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Gov. Ige says he’s reluctant to set COVID-19 benchmarks for reopening, closing

Gov. David Ige said the county mayors want to set explicit COVID-19 benchmarks that would trigger economic shutdown and reopening, but he favors continuing a more nuanced approach.

Ige told “Spotlight Hawaii,” the Honolulu Star-Advertiser’s Facebook Live show, that setting a framework for reopening Hawaii’s economy would likely be one of the topics as he meets with the county mayors today, particularly Honolulu Mayor Kirk Caldwell whose stay-at-home emergency order for Oahu is set to expire on Thursday.

“The mayor (Caldwell) has kind of committed to create this framework so that people can see what virus activities are of concern and can anticipate what would happen,” Ige said today. “From the state level, I don’t anticipate that I would order hard metrics that would force the opening and closing just because of the metrics. I’ve been reluctant to just set these hard benchmarks because I do believe the whole issue of opening and reopening the economy is complex and we are looking at a variety of different metrics.”

By the same token, Ige said he did understand that constant cycling between “opening and closing” is unacceptable to businesses and would be working with the mayors to provide the public with greater guidance.

“I do appreciate everyone’s cooperation and all of the sacrifices made,” Ige said. “We have seen the cases flattening out and I’m hopeful it will continue on this downward trend. I know we had just double digits yesterday and I’m hoping that today would be another day below 100 cases.”

Ige said hospitals also are in a better position than they were two weeks ago and the number of COVID-19 positive patients in their facilities has dropped.

“All of the trends are heading in the right direction that would allow us to look at reopening in a thoughtful way so that business can get back to normal,” he said.

On the subject of reopening leisure travel to Hawaii, Ige said the state was still finalizing details of its pre-arrivals testing plan. The program, which is slated to kickoff Oct. 15, would allow travelers who get tested according to state protocols to bypass a mandatory 14-day self-quarantine for out-of-state passengers that’s been in place since March 26.

The state has said that it would require travelers in the program to take a Food and Drug Administration-authorized COVID-19 nucleic acid amplification test from a certified lab no earlier than 72 hours before their flight arrives in Hawaii. If the test is negative and they can produce it upon arrival, they would be allowed to bypass the quarantine. If the test results don’t arrive before they get to Hawaii, travelers must quarantine in Hawaii until they can produce a negative test result.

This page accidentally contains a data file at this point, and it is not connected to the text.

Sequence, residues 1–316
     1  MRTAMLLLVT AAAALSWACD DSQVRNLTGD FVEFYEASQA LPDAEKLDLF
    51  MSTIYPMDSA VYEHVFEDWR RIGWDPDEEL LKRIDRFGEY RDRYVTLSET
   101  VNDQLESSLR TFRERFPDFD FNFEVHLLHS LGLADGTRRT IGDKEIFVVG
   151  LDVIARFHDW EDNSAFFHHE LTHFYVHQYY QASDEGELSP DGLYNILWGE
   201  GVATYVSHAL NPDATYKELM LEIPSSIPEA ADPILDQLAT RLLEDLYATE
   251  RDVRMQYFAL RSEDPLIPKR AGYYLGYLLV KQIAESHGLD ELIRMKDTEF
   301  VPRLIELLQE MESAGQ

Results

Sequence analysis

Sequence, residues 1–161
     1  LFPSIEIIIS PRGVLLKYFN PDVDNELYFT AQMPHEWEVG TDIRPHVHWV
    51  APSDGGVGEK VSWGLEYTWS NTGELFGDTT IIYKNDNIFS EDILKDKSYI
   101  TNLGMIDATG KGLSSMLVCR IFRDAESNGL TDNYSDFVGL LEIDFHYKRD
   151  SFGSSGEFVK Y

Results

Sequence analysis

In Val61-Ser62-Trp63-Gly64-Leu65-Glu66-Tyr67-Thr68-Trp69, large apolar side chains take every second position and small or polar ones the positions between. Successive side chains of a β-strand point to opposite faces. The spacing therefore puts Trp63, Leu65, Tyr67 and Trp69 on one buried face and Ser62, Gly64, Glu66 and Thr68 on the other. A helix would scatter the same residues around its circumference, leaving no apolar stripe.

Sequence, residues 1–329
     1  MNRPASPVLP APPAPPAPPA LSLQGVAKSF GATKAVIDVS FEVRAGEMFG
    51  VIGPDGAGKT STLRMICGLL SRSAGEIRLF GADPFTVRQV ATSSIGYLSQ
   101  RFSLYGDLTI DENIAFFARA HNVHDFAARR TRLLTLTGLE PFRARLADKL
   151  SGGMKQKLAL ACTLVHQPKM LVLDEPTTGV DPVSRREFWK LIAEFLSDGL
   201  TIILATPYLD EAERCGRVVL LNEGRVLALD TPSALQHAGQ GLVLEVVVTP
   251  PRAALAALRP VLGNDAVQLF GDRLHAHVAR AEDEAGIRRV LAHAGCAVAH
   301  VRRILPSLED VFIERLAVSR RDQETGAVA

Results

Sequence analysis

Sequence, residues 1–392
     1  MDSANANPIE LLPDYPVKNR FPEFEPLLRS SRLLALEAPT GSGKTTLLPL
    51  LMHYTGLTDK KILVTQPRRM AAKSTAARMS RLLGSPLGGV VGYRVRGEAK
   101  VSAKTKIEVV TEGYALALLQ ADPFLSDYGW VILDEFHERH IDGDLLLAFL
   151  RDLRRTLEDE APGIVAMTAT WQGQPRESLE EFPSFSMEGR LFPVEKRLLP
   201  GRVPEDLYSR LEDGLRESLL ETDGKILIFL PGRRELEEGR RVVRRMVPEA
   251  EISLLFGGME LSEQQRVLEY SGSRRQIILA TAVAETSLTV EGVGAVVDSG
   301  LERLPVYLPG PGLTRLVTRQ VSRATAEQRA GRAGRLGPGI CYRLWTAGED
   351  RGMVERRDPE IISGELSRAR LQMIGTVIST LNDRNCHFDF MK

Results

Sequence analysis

Travelers must pay for their own pre-arrivals tests and Ige said the state won’t allow travelers to bypass the quarantine using tests taken after they get to Hawaii.

Ige acknowledged that despite the state’s partnerships with CVS and Kaiser some travelers might find getting a test within the required window difficult. Also, families could have difficulties since the state’s partners don’t offer tests to children under 12.

It’s also still unclear how the quarantine system will monitor travelers whose test results don’t come back in time or who elect not to participate in the program once the volume of travelers to Hawaii scales up.

Ige acknowledged that Hawaii’s pre-arrivals travelers plan won’t be able to keep out all infected domestic travelers as the Federal Aviation Administration won’t give the state permission to require that all passengers get COVID-19 tests before getting on a plane.

“Clearly the airlines have informed me that they are not able to require every passenger to have completed the pre-travel testing program so every flight would have a mix of those who are COVID-free, those who have taken the test, and those who may be infected and there’s no way in the U.S. to separate those passengers,” he said.

Ige said U.S. Rep. Ed Case (D-Hawaii) is pursuing legislation that would allow Hawaii more control over the entry of domestic travelers.

Few international destinations are currently allowing travel to the U.S., but Ige said the state is working with other countries like Japan and S. Korea and they seem more willing to require that all of their Hawaii-bound passengers comply with the pre-travel program requirements.

Ige said the state also is discussing lifting the partial interisland quarantine with the mayors; however, testing capacity is still a concern when the state only has about 5,000 tests a day now and some 25,000 people a day were traveling to the Neighbor Islands before the COVID-19 pandemic.

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